Unlike many other undercoating products, CorrosionX is safe for use with electronic applications, and its heavy-duty formula allows it to be effective even in tough environments like marine and agriculture. Furthermore, it can stop corrosion by penetrating the corroded surface and removing moisture from the area.
3. Fluid Film Lubricant/Corrosion Inhibitor
As its name implies, Fluid Film Lubricant/Corrosion Inhibitor is versatile, able to be used as both undercarriage protectant and lubrication product. It stops rust from spreading on contact and has penetrating capability that allows it to last for up to one year.
Its lanolin-based makeup gives it a soft, scratch-proof finish that will self-heal if damaged. This also allows it not to chip or crack over time due to exposure to the elements. Unlike many other products, Fluid Film’s product can be used on multiple types of metals, paint, or plastic.
Because of its high flash point and anti-conductive properties, it is also useful for corrosion prevention on battery terminals, hinges, and even chrome. If used as an undercoating, Fluid Film says that only a gallon of product needs to be used on most average-sized vehicles.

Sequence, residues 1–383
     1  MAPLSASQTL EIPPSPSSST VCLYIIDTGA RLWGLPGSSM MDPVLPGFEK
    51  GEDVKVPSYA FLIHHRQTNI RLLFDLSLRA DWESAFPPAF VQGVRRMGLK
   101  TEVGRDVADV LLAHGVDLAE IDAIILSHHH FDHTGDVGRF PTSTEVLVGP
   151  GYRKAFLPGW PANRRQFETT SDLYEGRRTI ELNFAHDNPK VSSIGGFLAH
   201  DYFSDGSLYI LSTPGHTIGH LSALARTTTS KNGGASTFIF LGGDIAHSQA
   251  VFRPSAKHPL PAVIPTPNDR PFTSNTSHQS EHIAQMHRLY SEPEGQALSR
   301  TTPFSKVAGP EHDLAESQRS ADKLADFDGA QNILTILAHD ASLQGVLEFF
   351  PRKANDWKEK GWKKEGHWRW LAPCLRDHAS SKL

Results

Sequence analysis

4. Rusfre Automotive Spray-On Rubberized Undercoating
Rusfre’s Automotive Spray-On Rubberized Undercoating comes in a huge one-gallon container which ultimately saves a buck or two but also allows for a “one-stop” shopping experience without having to purchase multiple containers of product.
It is designed to work with Rusfre’s BBB spray gun which is sold separately, but buyers are treated to an even, spray-on coating that is scratch, chip, and crack-resistant. Because it does not harden, it also functions as a sound deadening shield for a more comfortable driving experience.
It is chemically formulated with bound fibers for better clinging to the underside of vehicles and rust inhibitors to stop and prevent corrosion. The company does warn that the product should only be used for black surfaces.
5. 3M Professional Grade Rubberized Undercoating
3M is a well-known company that provides a variety of common household and industrial products, but they are lesser-known for their automotive applications. Their Professional Grade Rubberized Coating will make buyers aware that their automotive products are top-notch.
This coating can be used for multiple applications including cars, trucks, and recreation vehicles. Its professional-grade asphalt-based formula provides a textured coating that protects against rust, scratching, and abrasion. Additionally, it dampens road noise for a comfortable drive.